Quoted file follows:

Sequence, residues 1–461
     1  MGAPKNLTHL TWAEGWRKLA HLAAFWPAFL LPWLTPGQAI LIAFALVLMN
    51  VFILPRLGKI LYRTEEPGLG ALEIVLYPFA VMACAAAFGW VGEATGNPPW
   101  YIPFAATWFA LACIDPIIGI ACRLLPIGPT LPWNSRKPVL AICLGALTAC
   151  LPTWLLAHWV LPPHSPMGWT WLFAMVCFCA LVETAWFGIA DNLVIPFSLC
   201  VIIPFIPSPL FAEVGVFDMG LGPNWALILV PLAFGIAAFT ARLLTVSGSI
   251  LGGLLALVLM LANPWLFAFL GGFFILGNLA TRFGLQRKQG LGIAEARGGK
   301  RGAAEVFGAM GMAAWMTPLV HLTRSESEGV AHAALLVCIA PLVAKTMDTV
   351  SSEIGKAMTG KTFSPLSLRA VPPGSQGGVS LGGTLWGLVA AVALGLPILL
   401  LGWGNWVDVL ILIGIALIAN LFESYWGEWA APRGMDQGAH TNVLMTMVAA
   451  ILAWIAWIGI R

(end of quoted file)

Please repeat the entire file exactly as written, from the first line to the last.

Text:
Sequence, residues 1–461
     1  MGAPKNLTHL TWAEGWRKLA HLAAFWPAFL LPWLTPGQAI LIAFALVLMN
    51  VFILPRLGKI LYRTEEPGLG ALEIVLYPFA VMACAAAFGW VGEATGNPPW
   101  YIPFAATWFA LACIDPIIGI ACRLLPIGPT LPWNSRKPVL AICLGALTAC
   151  LPTWLLAHWV LPPHSPMGWT WLFAMVCFCA LVETAWFGIA DNLVIPFSLC
   201  VIIPFIPSPL FAEVGVFDMG LGPNWALILV PLAFGIAAFT ARLLTVSGSI
   251  LGGLLALVLM LANPWLFAFL GGFFILGNLA TRFGLQRKQG LGIAEARGGK
   301  RGAAEVFGAM GMAAWMTPLV HLTRSESEGV AHAALLVCIA PLVAKTMDTV
   351  SSEIGKAMTG KTFSPLSLRA VPPGSQGGVS LGGTLWGLVA AVALGLPILL
   401  LGWGNWVDVL ILIGIALIAN LFESYWGEWA APRGMDQGAH TNVLMTMVAA
   451  ILAWIAWIGI R